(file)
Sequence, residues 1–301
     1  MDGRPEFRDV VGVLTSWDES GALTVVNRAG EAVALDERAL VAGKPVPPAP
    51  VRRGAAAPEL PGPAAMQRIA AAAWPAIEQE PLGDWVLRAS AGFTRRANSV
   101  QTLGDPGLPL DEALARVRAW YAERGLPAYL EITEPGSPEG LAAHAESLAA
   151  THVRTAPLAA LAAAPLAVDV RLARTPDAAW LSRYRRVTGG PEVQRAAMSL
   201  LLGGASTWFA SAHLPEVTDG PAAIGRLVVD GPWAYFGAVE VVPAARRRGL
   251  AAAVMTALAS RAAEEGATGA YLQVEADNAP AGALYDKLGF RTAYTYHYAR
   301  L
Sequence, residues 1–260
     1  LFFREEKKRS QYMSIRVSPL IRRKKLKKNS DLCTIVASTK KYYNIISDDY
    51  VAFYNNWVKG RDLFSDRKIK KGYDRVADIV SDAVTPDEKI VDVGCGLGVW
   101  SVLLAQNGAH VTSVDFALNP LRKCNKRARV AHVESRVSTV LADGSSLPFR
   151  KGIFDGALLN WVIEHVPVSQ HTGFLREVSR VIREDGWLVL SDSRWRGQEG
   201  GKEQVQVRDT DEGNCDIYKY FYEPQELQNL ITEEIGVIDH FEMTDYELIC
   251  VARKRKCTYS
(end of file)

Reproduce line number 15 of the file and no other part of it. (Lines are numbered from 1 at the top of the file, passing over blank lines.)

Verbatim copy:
   251  VARKRKCTYS